Sunday Sept. 25, is the 26th Sunday in Ordinary Time (Year A, Cycle 1).
Pope Benedict XVI finishes his apostolic trip to Germany today. The trip began with media-generated controversy about the Pope coming to a place that rejects his beliefs. Then articles appeared by writers surprised by his humanity and the good behavior of the Catholic crowds. Finally, the trip was pronounced a success. (We wrote that paragraph the day before his trip, but every papal trip follows the same script in the media!)
Ezekiel 18:25-28, Psalm 25:4-9, Philippians 2:1-11 or 2:1-5, Matthew 21:28-32
There was a confessor at our college who, if he would hear a hint of rationalization in your confession, would shout, “You can’t play games with God!”
The words were memorable because they were true.
Aristotle pointed out that we are what we choose to do. It is an obvious thing, but we often forget it: We too easily fall into the trap of considering our actions separate from our identity.
There are not two of me, the one who prays and really means well and wants to do the right thing … and the other me who goes to that place I shouldn’t go or says the things I shouldn’t say or enjoys the guilty pleasures I shouldn’t enjoy.
That is why the Catholic view of “predestination,” as the first reading points out, does not conflict with our freedom.
Now, don’t get us wrong. There are various views of predestination that are not compatible with freedom: Some may believe that God created certain people to be saved and certain people to be lost. That is simply not true.
But it is true that no one dies unless God allows them to die and that God allows some people to die when they are not at peace with him. Perhaps tonight you will commit some mortal sin, and then slip in front of a bus and get killed.
God, who knew from all eternity what the state of your soul would be, will have allowed you to die at that moment rather than let it happen when you are in a state of grace.
If that seems unfair, then we can see where the first reading is coming from.
“You say, ‘The Lord's way is not fair!’ says the Lord. ‘Is it my way that is unfair, or, rather, are not your ways unfair? When someone virtuous turns away from virtue to commit iniquity and dies, it is because of the iniquity he committed that he must die.’”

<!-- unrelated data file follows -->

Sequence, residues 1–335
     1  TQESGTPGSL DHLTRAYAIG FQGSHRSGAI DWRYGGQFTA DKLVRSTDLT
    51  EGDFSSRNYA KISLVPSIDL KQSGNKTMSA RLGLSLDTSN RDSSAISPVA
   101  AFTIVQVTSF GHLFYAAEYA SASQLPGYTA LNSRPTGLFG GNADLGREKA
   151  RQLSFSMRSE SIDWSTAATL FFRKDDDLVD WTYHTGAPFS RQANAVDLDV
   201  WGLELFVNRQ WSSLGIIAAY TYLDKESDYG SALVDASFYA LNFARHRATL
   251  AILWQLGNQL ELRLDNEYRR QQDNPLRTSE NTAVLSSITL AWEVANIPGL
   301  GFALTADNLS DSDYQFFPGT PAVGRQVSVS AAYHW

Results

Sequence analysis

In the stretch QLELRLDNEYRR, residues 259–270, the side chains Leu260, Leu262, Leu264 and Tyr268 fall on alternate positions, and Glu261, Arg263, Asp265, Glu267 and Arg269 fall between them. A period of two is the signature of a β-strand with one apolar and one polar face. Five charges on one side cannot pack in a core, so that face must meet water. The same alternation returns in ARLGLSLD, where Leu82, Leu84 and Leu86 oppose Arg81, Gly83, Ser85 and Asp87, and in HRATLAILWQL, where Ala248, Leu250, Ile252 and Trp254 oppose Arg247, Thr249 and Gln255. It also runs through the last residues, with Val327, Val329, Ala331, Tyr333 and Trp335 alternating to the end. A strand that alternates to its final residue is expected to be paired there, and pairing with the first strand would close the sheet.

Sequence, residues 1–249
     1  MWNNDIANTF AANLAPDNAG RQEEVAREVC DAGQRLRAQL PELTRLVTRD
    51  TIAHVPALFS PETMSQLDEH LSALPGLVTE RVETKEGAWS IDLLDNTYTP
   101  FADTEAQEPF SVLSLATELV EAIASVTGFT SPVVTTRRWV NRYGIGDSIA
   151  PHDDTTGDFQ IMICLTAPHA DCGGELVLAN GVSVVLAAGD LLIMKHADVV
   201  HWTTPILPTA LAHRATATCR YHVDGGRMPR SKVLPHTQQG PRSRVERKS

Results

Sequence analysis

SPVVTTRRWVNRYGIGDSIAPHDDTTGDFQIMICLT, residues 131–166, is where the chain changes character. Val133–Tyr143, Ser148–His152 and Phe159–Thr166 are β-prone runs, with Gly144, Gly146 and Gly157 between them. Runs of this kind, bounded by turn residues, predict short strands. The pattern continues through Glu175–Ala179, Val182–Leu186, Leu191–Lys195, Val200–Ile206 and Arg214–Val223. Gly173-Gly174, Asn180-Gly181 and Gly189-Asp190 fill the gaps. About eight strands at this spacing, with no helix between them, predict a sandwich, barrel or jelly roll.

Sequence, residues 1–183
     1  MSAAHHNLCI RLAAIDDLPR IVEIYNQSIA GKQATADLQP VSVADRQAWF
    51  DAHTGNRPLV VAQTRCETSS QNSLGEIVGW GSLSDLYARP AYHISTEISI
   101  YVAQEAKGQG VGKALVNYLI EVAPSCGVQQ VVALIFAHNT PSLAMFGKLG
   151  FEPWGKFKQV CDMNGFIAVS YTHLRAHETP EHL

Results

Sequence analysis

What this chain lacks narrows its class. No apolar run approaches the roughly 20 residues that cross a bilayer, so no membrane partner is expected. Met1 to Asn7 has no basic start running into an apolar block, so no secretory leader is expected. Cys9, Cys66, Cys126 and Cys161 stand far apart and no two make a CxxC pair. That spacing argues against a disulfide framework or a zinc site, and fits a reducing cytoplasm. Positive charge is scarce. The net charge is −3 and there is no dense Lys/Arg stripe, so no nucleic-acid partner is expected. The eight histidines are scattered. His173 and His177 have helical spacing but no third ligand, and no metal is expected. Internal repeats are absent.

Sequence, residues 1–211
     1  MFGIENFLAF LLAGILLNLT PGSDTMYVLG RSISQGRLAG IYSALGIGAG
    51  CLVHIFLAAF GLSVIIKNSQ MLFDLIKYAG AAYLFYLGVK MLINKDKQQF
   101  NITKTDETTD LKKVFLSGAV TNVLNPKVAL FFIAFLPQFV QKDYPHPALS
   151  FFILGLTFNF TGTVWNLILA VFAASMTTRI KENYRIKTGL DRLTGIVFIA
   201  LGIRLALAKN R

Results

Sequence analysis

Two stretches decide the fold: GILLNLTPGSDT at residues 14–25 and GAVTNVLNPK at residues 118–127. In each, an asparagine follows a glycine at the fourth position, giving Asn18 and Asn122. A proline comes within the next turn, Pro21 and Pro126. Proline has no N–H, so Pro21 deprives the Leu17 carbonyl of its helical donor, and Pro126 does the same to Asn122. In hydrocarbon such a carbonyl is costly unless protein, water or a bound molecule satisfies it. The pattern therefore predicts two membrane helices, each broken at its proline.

God knows the obvious thing that we forget: There are not two of each of us. There is not a me that commits a sin and rejects his love and another me that is really a great guy who means well and doesn’t really mean the bad thing and maybe is just “experimenting” with the bad thing.
There is only one me. And that me has freedom. Terrible freedom, says the Catechism:
“Mortal sin is a radical possibility of human freedom, as is love itself. It results in the loss of charity and the privation of sanctifying grace, that is, of the state of grace. If it is not redeemed by repentance and God's forgiveness, it causes exclusion from Christ’s kingdom and the eternal death of hell, for our freedom has the power to make choices forever, with no turning back” (1861).
Jesus puts a spotlight on this truth in the Gospel when he tells about the one son who intends to do the right thing but doesn’t do it and the other son who intends not to but does.
The Father in the story doesn’t give the first son the benefit of the doubt because he is so positive and full of good intentions, and he doesn’t judge the second son sourly because he was so quick to disobey. He isn’t concerned about the self-conception or professed love of the sons at all.
He only cares about what they actually do.
The son who did the right thing is rewarded. The one who didn’t isn’t. End of story.
Ultimately, that will be how God judges us — not on what we meant to do, but on what we did.
Tom and April Hoopes write from Atchison, Kansas,
where Tom is writer in residence at Benedictine College.